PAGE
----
Do you ever think about your earliest memory? Can anyone remember when they were born? Maybe not; especially if to reason where you were and what you did; you need to be able to speak first? Perhaps the memory was the first time you felt real stress or excitement? A first day at school may be the most common initial memory, but what about before that? Are the very first early years of your life missing like empty pages, in the mental diary you keep in your head?
They say that as someone dies, their life spools out in a flash of memories with a lightning strike of recalled events.
Simon is grown up now, but Simon was thinking these thoughts one day and trying to pinpoint which memory came first. This memory jostled for a possible place, at the start of his life’s gallery…….
Simon was a skinny little boy of average height and fair hair that looked like a badly thatched haystack. He had pink, round NHS spectacles which he hated, and his right eye turned in towards his nose. He was teased about being ‘cross eyed.’ He always had dirty knees and scuffed shoes from kicking a football around. With two older brothers to annoy him, also comments from kids about his pink specs and wandering eye, he could have gone into a shell. It didn’t do that to him; it toughened him up.
Simon’s two older brothers; Tim who was 13 and Jer who was 11 years old, had taken him to stay with their cousin Nick. Nick lived in a Grand old house in the countryside near Bath. It overlooked a valley with Cam brook at the bottom which snaked its way through the ancient village of Radford. Simon enjoyed visiting Nick’s house as it had lots of space to play around in. Simon saw it as a grand mansion. It must have been grand, as a film star bought it after Simon’s Aunty Dot and Uncle Geoff moved away. Anthony Head was the celebrity’s name. He also has a daughter who starred in a comedy series called ‘The Inbetweeners’. Strangely enough, she was the love interest of the character also called Simon.
Cam brook was usually just a gentle stream. On this particular day, the rain had been very heavy, and the brook became a torrent. The three big boys, Tim, Jer and their cousin Nick, couldn’t wait to get out. They went down to the river when it stopped raining and took Simon. They wanted to have some fun.
Winnie the Pooh was a story book that was very popular at the time. Pooh sticks was a game where sticks were raced down a river. They sorted out sticks for everyone and gave them to Simon upstream of the bridge. The three big boys went on down the river about 100 metres, to the far side of the bridge. They took up position by looking away from Simon to see which stick came through the arch first. Simon was given the signal to drop all the sticks in at the same time. The stream was a torrent by this stage and the sticks would move quickly. The elder boys, all looked down from above, to the back of the bridge. They were in prime position to pick out the winning stick floating under the arch. More importantly, after they gave the start signal, they were looking down and away from Simon throwing the sticks in.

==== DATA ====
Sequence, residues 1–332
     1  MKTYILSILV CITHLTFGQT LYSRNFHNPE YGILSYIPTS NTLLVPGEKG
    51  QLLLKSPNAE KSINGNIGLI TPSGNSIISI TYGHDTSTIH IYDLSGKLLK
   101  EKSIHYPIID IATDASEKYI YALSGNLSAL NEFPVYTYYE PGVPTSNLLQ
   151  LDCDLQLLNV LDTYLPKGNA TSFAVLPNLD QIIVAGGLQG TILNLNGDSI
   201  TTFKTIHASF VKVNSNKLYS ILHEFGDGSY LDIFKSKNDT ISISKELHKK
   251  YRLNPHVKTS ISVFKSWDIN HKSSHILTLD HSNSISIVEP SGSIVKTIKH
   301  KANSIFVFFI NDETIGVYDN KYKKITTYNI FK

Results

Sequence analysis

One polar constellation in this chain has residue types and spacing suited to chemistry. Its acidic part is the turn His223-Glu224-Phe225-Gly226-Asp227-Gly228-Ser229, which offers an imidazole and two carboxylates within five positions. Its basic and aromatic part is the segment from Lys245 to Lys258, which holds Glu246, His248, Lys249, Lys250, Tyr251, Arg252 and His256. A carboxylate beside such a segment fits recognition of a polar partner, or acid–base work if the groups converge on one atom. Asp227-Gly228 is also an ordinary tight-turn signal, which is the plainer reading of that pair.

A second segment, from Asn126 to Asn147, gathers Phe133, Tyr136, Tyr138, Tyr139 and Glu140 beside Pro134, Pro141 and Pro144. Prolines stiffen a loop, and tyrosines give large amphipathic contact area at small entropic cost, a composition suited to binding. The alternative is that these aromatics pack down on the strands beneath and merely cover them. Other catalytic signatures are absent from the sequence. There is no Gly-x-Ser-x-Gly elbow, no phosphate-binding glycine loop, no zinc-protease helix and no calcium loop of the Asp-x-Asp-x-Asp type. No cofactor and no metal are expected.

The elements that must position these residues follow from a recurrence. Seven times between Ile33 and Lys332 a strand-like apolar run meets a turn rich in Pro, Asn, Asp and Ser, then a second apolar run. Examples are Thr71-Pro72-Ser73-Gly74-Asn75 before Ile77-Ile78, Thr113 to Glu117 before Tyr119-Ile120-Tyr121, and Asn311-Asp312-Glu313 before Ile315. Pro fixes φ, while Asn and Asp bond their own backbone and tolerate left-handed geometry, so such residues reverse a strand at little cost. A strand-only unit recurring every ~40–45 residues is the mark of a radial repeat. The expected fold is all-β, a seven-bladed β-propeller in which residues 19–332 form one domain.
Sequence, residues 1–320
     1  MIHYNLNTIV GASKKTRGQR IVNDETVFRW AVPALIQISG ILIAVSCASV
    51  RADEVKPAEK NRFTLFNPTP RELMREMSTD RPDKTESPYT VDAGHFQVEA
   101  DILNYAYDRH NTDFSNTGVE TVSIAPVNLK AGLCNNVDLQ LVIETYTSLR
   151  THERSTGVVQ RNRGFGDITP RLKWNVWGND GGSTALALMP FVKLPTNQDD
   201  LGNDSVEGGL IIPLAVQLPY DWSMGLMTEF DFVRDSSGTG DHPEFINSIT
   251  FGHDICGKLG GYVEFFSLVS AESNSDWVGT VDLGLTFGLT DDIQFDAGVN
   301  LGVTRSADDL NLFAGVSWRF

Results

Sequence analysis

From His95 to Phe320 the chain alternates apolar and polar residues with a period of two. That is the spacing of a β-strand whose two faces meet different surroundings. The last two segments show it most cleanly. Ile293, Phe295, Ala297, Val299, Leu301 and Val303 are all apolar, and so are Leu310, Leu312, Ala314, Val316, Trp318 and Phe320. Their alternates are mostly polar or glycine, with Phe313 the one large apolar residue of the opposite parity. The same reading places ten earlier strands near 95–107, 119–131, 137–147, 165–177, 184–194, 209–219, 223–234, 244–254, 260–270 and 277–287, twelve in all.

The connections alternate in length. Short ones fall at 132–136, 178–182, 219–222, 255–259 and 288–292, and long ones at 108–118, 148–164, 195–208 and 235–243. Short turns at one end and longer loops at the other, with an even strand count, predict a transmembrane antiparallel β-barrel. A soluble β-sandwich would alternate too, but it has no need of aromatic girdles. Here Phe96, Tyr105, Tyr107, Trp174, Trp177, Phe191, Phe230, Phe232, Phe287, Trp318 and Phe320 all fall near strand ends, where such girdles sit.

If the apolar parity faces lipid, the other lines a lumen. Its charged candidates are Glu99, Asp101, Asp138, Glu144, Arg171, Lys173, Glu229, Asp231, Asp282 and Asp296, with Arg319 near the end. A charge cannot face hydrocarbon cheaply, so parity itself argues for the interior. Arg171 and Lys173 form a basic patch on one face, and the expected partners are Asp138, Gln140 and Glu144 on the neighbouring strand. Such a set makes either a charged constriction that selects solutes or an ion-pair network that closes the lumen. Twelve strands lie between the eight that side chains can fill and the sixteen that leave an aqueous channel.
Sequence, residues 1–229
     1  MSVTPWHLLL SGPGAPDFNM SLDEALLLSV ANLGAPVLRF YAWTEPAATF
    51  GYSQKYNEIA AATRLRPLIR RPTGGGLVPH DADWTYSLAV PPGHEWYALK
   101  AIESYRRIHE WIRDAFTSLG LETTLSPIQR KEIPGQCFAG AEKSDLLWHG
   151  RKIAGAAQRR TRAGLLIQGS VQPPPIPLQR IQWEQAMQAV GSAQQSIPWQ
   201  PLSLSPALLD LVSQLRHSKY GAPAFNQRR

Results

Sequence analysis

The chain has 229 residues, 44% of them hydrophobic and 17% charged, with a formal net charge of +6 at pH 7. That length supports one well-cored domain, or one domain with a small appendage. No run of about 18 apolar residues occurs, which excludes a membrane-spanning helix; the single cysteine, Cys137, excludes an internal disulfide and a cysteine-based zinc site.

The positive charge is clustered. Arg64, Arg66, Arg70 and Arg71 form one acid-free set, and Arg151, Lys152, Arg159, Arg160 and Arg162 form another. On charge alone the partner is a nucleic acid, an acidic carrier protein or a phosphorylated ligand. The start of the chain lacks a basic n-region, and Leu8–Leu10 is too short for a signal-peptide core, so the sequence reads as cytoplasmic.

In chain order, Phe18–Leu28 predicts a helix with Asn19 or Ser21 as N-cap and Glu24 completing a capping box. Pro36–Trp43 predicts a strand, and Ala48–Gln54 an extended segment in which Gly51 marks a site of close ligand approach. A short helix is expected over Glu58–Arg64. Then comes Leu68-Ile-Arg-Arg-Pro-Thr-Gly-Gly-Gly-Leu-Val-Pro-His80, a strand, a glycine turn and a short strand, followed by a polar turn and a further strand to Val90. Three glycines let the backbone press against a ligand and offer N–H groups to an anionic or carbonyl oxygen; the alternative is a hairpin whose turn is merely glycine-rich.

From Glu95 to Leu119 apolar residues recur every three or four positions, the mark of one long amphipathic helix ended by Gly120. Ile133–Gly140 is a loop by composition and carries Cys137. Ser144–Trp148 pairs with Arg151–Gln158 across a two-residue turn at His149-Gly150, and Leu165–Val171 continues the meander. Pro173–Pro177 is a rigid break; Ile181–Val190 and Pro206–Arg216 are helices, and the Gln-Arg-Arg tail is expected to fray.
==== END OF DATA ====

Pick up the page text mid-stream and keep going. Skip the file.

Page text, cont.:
It all happened very quickly and was probably over in a couple of minutes. Simon remembers it very vividly; but to him it seemed to take for ever. It all went into slow motion. He dropped the sticks in to the water, but the bank was so slippery, he went straight in as well. Luckily the roots of a tree had been exposed by the flood water and he grabbed at these as he went in. He had never been in a swimming pool or learnt to swim, so he was terrified. The sound of the rushing water was so loud, that his cries of panic were swept away with the sticks. All he could see were the backs of his brothers and he was willing them to turn around. It was as if an evil force was trying to drag him under. He knew his strength was seeping away and he felt hopeless with the bigger boys unaware of his fate.
Sticks was a game from the book. The big boys explained to Simon that they would all find a stick, put it in the river and the winner of the race, would be the persons whose stick came under the bridge first.
This was when his short life reamed out before him. Hidden memories suddenly zipped through his mind like a reel of film speeded up. Everything that had gone before all flashed through his mind. Even though it was only a matter of seconds; he was still able to see each frame of film in detail. He does not remember the film but knows he saw it. Every detail was very crisp at the time but gone from his mind just as quickly.
As his grip was slackening; his mind accepted that he would be washed into the torrent and drowned. Just then, the sticks went under the bridge and the big boys looked round. They saw that Simon was holding on for dear life and the water was dragging him away. They ran as fast as they could to get him, but even then, he had to summon all the will power he had to hold on.
The next thing he remembered was being put to bed in one of the large bedrooms at his Aunt’s house. He felt the cold had completely knocked him out and the boys must have carried him back soaking wet. He was terrified and frozen. When he came to, his Aunty Dot was standing over him trying to force some foul-tasting medicine down his throat. All he wanted to do was sleep but every hour or two, she spooned a ghastly brown concoction down his throat.
All Simon wanted to do was get home to see his Mum. His Mum’s sister Dot did her best to look after him, but she didn’t have a sympathetic bone in her body. In her mind, Simon was a naughty boy and brought problems on himself. She worked as a deputy head in a local secondary school and used to scare the teenagers there, so she was quite intimidating to a four-year-old! Once he got home, it was a long time before he went back there again.